A number of environmental groups are celebrating an Ontario Environmental Review Tribunal decision that requires a proposed agreement between Nestlé and the Ontario Ministry of Environment to proceed to a full hearing. That draft deal would have allowed Nestlé to voluntarily rather than mandatorily curtail their water withdrawals from their Wellington County well in times of drought, just like all other water users in the Grand River watershed are currently permitted to do.
The Wellington Water Watchers, Ecojustice, and the Council of Canadians released a joint statement on August 16 praising the tribunal’s decision.
The tribunal’s decision is the latest chapter in a long-running story initiated by Nestlé’s application for a well licence. The application was granted by the Ministry of Environment, but with conditions mandating the company reduce its withdrawals during droughts. The company appealed the conditions to the Ontario Environmental Tribunal, as they were the only permit holders in the watershed facing mandatory reductions.
“The current permit remains in force until it is amended by the tribunal. That permit could not be amended by the Ministry of Environment without appearing before the tribunal to review the proposed revisions, hence the requirement that we file an appeal with the tribunal related to the original document. The changes were contained in a draft letter of settlement between the Ministry and ourselves,” says John Challinor, director of corporate affairs, Nestlé Waters Canada.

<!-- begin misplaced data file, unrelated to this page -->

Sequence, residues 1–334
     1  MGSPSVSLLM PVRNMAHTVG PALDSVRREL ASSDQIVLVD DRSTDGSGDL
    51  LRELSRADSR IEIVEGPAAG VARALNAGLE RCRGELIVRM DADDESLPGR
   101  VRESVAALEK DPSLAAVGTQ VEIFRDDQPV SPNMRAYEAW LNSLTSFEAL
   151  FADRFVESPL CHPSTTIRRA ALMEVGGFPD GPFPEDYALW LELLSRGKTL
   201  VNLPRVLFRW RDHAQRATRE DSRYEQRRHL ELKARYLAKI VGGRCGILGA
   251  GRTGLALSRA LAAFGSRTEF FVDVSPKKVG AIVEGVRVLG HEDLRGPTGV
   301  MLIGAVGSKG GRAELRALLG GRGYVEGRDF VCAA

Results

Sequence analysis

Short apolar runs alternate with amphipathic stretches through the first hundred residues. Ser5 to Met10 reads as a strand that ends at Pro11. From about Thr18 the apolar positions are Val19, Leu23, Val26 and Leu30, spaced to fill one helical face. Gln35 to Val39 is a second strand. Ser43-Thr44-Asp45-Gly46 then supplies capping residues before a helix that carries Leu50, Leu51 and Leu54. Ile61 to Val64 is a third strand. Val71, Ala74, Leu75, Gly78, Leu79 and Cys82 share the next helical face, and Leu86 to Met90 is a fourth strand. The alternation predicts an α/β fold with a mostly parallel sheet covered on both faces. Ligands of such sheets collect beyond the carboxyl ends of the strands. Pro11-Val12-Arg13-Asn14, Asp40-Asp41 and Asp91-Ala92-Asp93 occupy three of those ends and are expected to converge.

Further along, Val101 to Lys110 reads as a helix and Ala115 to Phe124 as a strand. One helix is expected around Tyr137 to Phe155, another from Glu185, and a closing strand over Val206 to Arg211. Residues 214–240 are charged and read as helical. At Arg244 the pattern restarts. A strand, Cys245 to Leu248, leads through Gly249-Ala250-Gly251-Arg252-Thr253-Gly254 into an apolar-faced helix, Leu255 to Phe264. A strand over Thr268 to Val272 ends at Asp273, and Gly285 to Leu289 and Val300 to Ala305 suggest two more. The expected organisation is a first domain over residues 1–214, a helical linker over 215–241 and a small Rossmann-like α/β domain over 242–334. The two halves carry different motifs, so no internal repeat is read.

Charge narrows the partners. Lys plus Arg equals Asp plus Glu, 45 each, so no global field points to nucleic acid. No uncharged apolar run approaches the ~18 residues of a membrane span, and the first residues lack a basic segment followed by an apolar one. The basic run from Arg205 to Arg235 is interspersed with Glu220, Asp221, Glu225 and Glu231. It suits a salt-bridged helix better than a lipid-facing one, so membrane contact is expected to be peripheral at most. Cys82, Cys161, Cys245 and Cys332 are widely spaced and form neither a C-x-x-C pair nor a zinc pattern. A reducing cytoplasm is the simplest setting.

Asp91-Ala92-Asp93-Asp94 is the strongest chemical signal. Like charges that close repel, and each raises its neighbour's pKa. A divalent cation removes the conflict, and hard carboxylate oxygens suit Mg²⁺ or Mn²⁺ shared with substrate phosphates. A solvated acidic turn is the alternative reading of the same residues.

The Tribunal’s decision is the latest chapter in a long-running story initiated by Nestlé’s application for a well licence. The application was granted by the Ministry of Environment, but with conditions mandating the company reduce its withdrawals during droughts. The company appealed the conditions to the Ontario Environmental Tribunal, as they were the only permit holders in the watershed facing mandatory reductions. However, before the tribunal had come to a full ruling, a bargain was struck between the Province and the company, and the conditions were removed.
The Council of Canadians and Wellington Water Watchers were a party to Nestlé’s appeal in response to the proposed agreement between Nestlé and the government, with the tribunal ultimately deciding that more research into the source of the aquifer’s water must be conducted before the significance of drought conditions can be addressed.
“We are very happy that our concerns, which we have voiced over seven years, are now being heard,” said chair of the Wellington Water Watchers, Paul Nagy. “We believe that a hearing is a positive step forward in allowing for meaningful public participation and discussion regarding the many issues surrounding this permit and threats to the groundwater.”
“The fact of the matter is that each and every word of the proposed minutes of settlement between the Ministry and Nestlé Waters was written for public scrutiny during the tribunal pre-hearing process, which the Council of Canadians and Wellington Water Watchers participated in,” says Challinor in response.
Nestlé has maintained that it should not be held to standards that no other watershed licence holders face.
This news item has been edited.